Haleem A, Javaid M. Industry 4.0 and its applications in dentistry. Indian J Dent Res 2019. doi: 10.4103/ijdr.IJDR_904_18. [In press].  Back to cited text no. 3
Ford CG, Manegold EM, Randall CL, Aballay AM, Duncan CL. Assessing the feasibility of implementing low-cost virtual reality therapy during routine burn care. Burns 2018;44:886-95.  Back to cited text no. 4
Papadopoulos L, Pentzou AE, Louloudiadis K, Tsiatsos TK. Design and evaluation of a simulation for pediatric dentistry in virtual worlds. J Med Internet Res 2013;15:e240.  Back to cited text no. 5
Raghav K, Van Wijk AJ, Abdullah F, Islam MN, Bernatchez M, De Jongh A. Efficacy of virtual reality exposure therapy for treatment of dental phobia: A randomised control trial. BMC Oral Health 2016;16:25.  Back to cited text no. 6
Adamovich SV, August K, Merians A, Tunik E. A virtual reality-based system integrated with fMRI to study neural mechanisms of action observation-execution: A proof of concept study. Restor Neurol Neurosci 2009;27:209-23.  Back to cited text no. 7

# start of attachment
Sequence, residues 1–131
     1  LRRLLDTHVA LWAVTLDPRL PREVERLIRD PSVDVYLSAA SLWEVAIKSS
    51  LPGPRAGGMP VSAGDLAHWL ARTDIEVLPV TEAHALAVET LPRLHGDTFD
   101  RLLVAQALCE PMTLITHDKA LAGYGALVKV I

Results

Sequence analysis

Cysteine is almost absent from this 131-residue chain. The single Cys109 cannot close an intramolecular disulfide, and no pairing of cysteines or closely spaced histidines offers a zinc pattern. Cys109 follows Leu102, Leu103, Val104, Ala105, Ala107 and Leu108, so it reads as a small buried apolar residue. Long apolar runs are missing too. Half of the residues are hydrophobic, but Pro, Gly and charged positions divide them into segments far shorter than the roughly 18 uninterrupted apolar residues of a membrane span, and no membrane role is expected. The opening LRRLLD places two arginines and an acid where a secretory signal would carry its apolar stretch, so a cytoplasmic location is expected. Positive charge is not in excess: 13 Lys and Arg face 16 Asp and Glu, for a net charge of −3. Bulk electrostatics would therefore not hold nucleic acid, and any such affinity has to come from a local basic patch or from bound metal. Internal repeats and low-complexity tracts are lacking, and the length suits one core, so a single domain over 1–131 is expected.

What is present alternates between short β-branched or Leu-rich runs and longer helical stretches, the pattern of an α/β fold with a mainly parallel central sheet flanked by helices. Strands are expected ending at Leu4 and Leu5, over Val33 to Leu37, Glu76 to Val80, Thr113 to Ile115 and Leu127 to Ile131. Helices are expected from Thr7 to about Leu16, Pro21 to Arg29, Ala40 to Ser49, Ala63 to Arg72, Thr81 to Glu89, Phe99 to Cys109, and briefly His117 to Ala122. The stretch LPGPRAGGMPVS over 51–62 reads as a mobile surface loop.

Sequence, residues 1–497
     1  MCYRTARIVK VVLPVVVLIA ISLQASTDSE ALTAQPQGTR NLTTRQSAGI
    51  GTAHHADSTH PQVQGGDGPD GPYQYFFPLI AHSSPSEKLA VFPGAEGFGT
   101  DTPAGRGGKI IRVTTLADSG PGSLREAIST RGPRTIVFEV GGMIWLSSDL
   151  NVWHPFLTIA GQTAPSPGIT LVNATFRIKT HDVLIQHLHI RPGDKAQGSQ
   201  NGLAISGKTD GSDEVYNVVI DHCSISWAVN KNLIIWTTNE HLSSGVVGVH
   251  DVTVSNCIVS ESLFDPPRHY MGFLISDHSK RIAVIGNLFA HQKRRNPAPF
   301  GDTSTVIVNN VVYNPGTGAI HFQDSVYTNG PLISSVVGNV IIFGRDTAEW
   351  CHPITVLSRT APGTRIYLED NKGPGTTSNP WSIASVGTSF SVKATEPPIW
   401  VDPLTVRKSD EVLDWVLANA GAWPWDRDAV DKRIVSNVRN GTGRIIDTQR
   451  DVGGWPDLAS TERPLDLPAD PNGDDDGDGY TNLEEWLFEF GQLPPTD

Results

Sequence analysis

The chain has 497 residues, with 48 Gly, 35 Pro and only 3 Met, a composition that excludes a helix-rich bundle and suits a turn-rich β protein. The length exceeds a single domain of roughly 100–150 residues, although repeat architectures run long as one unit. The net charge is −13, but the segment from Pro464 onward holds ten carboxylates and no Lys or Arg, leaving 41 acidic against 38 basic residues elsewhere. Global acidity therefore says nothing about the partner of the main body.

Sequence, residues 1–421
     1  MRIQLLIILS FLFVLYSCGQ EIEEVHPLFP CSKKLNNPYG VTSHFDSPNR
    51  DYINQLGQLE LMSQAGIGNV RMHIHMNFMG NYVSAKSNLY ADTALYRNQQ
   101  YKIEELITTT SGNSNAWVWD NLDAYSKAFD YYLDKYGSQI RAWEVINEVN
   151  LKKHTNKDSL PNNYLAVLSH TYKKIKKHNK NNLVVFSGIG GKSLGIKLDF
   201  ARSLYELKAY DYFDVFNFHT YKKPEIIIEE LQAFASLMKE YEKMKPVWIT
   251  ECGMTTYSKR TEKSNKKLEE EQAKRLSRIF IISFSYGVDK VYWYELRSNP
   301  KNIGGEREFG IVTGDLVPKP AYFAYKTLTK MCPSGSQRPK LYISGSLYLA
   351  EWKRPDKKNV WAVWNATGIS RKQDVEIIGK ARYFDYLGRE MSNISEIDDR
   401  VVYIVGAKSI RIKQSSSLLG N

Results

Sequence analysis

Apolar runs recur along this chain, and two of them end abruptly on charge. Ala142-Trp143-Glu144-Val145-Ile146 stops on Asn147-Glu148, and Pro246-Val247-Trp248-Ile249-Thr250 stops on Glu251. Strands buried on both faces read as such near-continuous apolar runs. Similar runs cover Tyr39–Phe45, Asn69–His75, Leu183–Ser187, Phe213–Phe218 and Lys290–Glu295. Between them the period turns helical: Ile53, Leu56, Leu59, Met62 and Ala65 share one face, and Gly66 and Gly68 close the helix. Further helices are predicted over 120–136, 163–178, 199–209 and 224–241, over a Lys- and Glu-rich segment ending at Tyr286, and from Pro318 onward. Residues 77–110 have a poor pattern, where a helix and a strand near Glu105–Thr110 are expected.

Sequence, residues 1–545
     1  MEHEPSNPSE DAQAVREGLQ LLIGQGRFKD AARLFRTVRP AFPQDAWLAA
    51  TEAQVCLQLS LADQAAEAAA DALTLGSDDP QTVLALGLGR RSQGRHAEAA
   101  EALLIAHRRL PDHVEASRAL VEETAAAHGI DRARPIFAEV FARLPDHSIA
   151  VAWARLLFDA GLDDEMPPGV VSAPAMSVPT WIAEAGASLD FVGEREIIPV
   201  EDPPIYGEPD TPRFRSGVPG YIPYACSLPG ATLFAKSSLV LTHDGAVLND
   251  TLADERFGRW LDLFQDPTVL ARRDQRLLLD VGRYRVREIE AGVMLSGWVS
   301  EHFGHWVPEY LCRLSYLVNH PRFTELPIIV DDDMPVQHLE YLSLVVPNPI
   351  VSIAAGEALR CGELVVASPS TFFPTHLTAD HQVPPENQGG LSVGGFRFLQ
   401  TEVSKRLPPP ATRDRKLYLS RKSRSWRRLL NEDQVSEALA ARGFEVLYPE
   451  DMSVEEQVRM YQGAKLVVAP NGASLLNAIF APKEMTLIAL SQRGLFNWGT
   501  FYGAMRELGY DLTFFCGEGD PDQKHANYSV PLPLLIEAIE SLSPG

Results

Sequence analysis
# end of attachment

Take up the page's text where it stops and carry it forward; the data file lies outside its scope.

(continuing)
Roy E, Bakr MM, George R. The need for virtual reality simulators in dental education: A review. Saudi Dent J 2017;29:41-7.  Back to cited text no. 8
Huang TK, Yang CH, Hsieh YH, Wang JC, Hung CC. Augmented reality (AR) and virtual reality (VR) applied in dentistry. Kaohsiung J Med Sci 2018;34:243-8.  Back to cited text no. 9
Haleem A, Javaid M, Vaishya R, Khan IH. Virtual reality applications in orthopaedics. J Orthop Allied Sci 2019. doi: 10.4103/joas.joas_37_19. [In press].  Back to cited text no. 10
Atzori B, Lauro Grotto R, Giugni A, Calabrò M, Alhalabi W, Hoffman HG. Virtual reality analgesia for pediatric dental patients. Front Psychol 2018;9:2265.  Back to cited text no. 11

Correspondence Address:
Dr. Mohd. Javaid
Department of Mechanical Engineering, Jamia Millia Islamia, New Delhi
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Source of Support: None, Conflict of Interest: None

DOI: 10.4103/ijdr.IJDR_501_19